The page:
I think that for many believers God only seems real when they are engaged in explicitly Christian pursuits (e.g., Bible study, devotions, worship, evangelism, etc.). The project Banks contends for is remedial. He is right to stress the necessity of vocation-specific discipleship. Each of us is called to follow Jesus in the midst of specific regularities of life and we need to help each other think about and live out what faithfulness looks like in those contexts.
For years I've had one foot in the world of academic theology and the other in pastoral ministry. Each has elements that delight and frustrate me. I've sat in lectures wondering what relevance the subject matter at hand had for people in my church and how I would begin to convey its importance and application to them. Banks, a theologian himself, says that he has found the work of systematic theologians to be as much frustrating as helpful because: "Once it ranges beyond central doctrinal concerns which, though they could be, are not frequently linked to everyday issues, it tends to focus on philosophical or broader social or cultural issues." Banks properly notes that such theorizing is often necessary and helpful for addressing everyday but laments that such connections are infrequently made.
If theological education and literature can err on the side of being too abstract and conceptual, pastoral and church ministry can make the opposite error of focusing so much on immediate practicality that critical reflection is considered a waste of time that stands in the way of the urgent work of the kingdom.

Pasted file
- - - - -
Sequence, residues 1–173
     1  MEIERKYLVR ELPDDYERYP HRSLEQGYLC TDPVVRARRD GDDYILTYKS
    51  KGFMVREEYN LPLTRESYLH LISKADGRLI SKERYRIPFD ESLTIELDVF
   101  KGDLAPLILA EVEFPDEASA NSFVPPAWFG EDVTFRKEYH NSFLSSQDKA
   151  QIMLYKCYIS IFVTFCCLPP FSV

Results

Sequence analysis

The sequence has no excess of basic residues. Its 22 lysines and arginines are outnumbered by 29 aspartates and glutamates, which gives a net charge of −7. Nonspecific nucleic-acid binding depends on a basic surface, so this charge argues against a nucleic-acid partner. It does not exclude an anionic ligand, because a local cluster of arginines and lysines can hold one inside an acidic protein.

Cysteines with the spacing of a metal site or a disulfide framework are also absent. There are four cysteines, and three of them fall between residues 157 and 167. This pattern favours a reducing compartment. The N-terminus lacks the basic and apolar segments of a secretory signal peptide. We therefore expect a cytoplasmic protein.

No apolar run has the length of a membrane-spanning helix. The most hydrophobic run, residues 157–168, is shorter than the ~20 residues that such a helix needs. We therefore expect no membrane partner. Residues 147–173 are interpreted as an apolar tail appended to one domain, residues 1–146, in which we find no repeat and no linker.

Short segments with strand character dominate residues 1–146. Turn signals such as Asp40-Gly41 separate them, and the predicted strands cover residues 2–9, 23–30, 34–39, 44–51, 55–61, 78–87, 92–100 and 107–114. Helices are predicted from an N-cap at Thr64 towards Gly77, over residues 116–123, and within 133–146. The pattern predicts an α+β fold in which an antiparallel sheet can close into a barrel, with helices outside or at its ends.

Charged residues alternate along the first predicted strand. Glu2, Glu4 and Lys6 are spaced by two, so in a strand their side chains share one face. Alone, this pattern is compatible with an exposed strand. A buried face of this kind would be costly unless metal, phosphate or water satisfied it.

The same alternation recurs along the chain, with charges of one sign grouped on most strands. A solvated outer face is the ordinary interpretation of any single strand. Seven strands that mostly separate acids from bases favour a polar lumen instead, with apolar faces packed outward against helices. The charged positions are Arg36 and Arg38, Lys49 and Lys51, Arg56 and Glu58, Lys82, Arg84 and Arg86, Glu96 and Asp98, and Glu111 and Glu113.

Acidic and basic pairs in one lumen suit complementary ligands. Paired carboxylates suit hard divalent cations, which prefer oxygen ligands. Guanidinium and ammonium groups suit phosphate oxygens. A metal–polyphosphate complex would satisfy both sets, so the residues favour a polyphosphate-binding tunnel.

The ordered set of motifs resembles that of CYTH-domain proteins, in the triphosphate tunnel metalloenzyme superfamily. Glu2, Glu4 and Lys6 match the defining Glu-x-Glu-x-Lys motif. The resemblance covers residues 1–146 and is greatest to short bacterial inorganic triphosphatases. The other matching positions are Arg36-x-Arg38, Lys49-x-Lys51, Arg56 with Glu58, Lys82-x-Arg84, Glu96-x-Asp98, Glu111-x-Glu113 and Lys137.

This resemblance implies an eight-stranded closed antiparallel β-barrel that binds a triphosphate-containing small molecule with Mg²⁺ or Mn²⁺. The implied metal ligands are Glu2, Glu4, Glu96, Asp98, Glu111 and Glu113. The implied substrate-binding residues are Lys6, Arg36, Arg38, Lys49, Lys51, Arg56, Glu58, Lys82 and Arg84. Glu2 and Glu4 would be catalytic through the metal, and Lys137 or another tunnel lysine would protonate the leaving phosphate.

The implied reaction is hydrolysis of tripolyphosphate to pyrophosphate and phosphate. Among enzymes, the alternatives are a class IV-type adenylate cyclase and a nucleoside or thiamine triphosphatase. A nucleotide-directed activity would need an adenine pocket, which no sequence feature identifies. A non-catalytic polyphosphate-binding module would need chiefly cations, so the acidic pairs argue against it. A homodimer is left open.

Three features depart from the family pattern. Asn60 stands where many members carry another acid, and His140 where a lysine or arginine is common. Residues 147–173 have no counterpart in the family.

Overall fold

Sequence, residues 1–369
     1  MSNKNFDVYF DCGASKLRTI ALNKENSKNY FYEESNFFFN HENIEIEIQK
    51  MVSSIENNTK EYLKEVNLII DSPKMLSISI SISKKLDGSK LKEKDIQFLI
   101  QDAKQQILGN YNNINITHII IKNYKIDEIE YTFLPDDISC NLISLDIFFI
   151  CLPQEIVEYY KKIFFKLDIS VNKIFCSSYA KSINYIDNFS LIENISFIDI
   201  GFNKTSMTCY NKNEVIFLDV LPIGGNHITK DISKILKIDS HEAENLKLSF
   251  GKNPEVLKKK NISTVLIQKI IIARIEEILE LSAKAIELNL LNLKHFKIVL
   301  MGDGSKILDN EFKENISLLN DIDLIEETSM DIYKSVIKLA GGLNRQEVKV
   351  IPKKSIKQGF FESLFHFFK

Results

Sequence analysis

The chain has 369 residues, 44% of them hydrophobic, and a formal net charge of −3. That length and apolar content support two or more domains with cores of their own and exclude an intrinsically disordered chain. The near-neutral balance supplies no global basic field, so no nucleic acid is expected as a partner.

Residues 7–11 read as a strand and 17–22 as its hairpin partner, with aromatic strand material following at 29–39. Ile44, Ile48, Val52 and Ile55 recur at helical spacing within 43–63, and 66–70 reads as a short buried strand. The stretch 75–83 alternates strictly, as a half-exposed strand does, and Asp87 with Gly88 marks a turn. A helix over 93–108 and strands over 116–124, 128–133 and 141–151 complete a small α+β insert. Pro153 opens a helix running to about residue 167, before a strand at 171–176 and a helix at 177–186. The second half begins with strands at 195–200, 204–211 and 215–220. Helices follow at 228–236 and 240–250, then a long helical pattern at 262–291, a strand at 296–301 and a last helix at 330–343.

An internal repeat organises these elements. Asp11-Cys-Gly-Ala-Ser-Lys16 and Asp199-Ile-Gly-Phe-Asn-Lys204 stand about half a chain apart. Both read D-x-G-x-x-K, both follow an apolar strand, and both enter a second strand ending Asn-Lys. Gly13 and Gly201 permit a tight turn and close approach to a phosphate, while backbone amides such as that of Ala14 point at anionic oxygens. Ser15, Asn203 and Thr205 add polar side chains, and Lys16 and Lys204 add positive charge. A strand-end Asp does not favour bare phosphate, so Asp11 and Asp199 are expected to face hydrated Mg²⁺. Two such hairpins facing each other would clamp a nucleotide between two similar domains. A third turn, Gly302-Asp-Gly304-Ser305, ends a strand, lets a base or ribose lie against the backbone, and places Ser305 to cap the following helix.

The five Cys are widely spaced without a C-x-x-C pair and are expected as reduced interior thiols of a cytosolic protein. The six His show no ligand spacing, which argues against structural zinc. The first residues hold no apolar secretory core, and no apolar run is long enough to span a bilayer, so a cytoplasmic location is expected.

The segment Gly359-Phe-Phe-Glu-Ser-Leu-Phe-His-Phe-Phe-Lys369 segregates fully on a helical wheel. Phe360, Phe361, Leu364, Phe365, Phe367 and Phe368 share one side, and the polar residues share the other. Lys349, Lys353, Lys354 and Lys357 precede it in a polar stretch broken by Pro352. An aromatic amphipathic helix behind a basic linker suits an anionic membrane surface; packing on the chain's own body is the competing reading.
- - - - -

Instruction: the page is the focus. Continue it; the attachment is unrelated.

I would very much like to invest my life in being a small bridge between these two subcultures in the community of faith so I was encouraged and challenged by Banks's call for what he calls "apostolic" theologians:
We need "apostolic" theologians who will leave their desk and lectern for a more down-to-earth kind of life. While there are few theologians who do not practice what they preach in some measure, there are very few who are engaged in similar work, say, to someone like Paul. That is, in apologetic and evangelistic work, in church-planting and pastoring, in pioneering new models of education and training. The apostolic theologian, of which Paul was the first great exponent, places mission first and largely allows theological reflection to be generated by that. Learning goes on as people associate with him or her in that activity-observing, questioning, and imitating. There is no reason why many Christians cannot be involved with such a person and why many of their concerns cannot be dealt with in this setting. The trouble is that taking up the "apostolic" theological life entails a large drop in status and high degree of risk.